It is more than a simple oddity that laboratory mice have smaller eyes and brains, faster development, larger bodies and litters, weaker muscles and chromosomes, and longer telomeres than their wild relatives. In an unintended genetic experiment, laboratory researchers have created genetic blueprints of the transformation from strong muscles and chromosomes to weak ones, rapid reflexes to slow ones, good eyes to poor ones. If we could read these blueprints properly, they should reveal the steps necessary to reverse these trends. Given the rapid progress being made in mapping and sequencing the genome of the laboratory mouse, that day may not be far off. But, of course, if we want to understand Mus musculus in its full glory, we will also need to decipher the genome of the lab mouses wild brethren, the free-living descendants of the little mouse that slipped through a tiny crack thousands of years ago in search of a bite to eat and thus joined its fate with ours.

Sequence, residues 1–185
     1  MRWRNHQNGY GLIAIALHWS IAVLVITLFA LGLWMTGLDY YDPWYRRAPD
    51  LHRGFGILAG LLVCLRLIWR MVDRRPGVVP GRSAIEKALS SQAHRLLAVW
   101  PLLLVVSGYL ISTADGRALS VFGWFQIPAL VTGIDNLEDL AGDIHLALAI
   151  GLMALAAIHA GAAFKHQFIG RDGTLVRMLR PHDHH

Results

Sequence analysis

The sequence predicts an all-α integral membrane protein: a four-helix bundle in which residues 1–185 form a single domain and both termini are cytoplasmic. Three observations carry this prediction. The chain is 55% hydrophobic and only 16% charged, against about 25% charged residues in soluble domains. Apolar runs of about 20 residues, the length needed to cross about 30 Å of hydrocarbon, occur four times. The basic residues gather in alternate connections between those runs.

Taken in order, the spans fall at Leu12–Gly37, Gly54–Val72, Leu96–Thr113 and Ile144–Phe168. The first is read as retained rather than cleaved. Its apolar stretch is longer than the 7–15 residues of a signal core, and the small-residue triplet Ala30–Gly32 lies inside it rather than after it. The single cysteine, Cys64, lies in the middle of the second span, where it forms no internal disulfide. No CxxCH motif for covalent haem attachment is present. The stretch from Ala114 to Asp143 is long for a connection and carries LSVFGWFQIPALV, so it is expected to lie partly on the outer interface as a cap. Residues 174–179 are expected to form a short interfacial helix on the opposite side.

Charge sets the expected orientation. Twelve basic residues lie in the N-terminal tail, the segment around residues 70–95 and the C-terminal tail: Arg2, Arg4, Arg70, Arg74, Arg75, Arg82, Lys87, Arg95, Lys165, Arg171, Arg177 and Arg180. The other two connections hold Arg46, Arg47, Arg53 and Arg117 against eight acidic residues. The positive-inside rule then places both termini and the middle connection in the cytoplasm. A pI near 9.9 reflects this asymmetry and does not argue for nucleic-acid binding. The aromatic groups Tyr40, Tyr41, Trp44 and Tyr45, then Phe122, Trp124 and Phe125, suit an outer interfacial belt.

Steven N. Austad dates his interest in laboratory mice back to the first time he saw a lab technician pick one up without gloves. When the placid mouse didn't try to bite or escape, Austad asked himself, “What kind of self-respecting animal would allow itself to be handled like that?” As interested as he is in the history of the house mouse, however, he is even more intrigued by his own species. As he says, “Any species that would turn a wolf into a pug bears close watching.” A professor in the Department of Biological Sciences at the University of Idaho in Moscow, Austad conducts research on aging and the physiology of stress as well as on the biology of domestication. On the lighter side, he is the co-author, with his wife, veterinarian Veronika Kiklevich, of Real People Don't Own Monkeys: And Other Stories of Pets, Their People, and the Vets Who See It All, to be published this spring by Sourcebooks.
Copyright © 2002 American Museum of Natural History